Former Israeli Prime Minister Naftali Bennett vowed to return to political life, hinting at a possible future bid for the premiership.
Bennett spoke at a gathering of American Jews in New York City Monday evening, discussing his year-long premiership, the Netanyahu government’s plans to reform Israel’s judiciary, Diaspora Jewish relations with Israel, and his own political prospects.
The event was hosted by the United Jewish Appeal – Federation of New York at Manhattan’s Temple Emanu-El Streicker Center.
When asked whether he will return to politics after having stepped down as premier last July, Bennett compared himself to Yitzhak Rabin and Benjamin Netanyahu, two prime ministers who left politics only to return to the premiership years later.
“In Israel, we can be recycled. It never ends. Rabin was prime minister from ’74 to ’77 and came back. Bibi was prime minister from ’96 to ’99 and he’s back. So I’ll be back.”
After his narrow coalition government failed to pass an extension of the Judea and Samaria regulation law – passed every five years to maintain the residency status of Israelis living in Judea and Samaria – Bennett resigned from the premiership, and last November resigned as alternate prime minister.
Leaving politics, Bennett was widely rumored to be planning a return sometime after the November elections.
Addressing criticism of the current government – including its plans to rein in the Supreme Court’s judicial activism – Bennett urged Diaspora Jews not to “give up” on Israel.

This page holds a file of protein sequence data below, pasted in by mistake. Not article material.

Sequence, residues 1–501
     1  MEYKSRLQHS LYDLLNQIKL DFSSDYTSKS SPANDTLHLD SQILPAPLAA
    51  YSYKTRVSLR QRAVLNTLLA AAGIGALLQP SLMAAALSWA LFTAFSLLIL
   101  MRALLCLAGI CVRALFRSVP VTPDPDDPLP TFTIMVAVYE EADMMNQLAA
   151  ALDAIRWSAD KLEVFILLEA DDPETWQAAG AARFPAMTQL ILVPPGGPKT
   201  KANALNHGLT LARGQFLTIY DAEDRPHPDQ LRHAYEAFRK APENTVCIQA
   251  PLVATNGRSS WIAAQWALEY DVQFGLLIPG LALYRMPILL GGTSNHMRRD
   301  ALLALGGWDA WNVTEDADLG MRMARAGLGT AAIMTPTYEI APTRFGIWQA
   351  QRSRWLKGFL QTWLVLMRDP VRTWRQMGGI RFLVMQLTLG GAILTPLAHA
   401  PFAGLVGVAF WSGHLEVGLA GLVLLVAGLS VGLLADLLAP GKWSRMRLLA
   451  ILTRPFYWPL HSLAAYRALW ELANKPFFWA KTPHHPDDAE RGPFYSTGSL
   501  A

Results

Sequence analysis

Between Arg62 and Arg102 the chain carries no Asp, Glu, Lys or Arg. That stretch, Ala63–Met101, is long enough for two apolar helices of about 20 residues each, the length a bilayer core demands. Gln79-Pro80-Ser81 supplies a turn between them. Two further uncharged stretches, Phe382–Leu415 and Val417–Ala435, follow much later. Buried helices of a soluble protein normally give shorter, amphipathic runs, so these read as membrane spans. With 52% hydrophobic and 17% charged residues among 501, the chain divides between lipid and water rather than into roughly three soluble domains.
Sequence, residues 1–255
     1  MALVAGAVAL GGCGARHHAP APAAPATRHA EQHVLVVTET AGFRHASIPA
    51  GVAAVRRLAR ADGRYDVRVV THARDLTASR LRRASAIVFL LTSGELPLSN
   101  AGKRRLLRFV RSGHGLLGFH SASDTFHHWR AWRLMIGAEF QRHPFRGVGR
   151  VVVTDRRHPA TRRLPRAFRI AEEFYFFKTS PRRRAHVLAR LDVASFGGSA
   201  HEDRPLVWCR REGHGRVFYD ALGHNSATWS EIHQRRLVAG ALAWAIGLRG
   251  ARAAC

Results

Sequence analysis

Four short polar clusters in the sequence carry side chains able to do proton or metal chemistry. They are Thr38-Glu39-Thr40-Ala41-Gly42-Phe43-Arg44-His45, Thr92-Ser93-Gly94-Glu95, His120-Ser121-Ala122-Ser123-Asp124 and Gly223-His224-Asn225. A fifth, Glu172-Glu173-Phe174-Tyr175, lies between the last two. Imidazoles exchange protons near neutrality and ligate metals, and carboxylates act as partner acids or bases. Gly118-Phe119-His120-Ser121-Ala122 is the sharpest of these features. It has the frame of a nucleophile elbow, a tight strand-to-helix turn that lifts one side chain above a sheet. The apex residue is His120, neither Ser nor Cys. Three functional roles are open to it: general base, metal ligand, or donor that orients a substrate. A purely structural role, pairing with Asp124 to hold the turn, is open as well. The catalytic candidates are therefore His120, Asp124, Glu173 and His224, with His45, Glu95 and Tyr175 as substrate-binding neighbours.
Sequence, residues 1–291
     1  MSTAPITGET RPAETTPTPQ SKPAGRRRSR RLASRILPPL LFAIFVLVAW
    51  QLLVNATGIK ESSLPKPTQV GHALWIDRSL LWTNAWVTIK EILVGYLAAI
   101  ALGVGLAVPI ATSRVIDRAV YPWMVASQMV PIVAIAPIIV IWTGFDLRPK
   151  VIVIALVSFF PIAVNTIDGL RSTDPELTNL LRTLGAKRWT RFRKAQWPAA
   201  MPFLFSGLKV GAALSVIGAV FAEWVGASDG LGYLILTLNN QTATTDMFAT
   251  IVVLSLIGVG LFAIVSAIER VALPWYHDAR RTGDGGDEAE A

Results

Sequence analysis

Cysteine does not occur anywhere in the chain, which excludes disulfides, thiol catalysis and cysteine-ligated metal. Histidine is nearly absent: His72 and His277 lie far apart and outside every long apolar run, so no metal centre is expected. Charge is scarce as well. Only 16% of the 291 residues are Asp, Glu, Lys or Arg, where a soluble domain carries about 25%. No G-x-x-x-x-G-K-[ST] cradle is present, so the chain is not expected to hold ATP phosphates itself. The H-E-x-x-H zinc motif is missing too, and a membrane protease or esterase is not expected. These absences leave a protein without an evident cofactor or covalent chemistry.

“I urge you, don’t give up on Israel, even if we’re going through a midlife crisis.”
“We will overcome this because the majority of the public wants a Jewish and democratic Israel, wants Judaism, does not want coercion.”
“When your family member goes through a crisis, you don’t give up on him, quite the contrary, you embrace him, you help him through this period.”
Bennett, a prominent supporter of judicial reform in the past, this year criticized Justice Minister Yariv Levin’s reform plan.
On Monday night, Bennett clarified that while he supports steps to restore the balance of powers between the branches of government, the current proposals “go way too far,” in particular rejecting plans to increase the role of elected officials in appointing new judges.
The former premier also took a jab at a member of his government, slamming then-Health Minister Nitzan Horowitz’s (Meretz) decision to allow leavened bread into Israeli hospitals during Passover as “foolish” and unnecessary.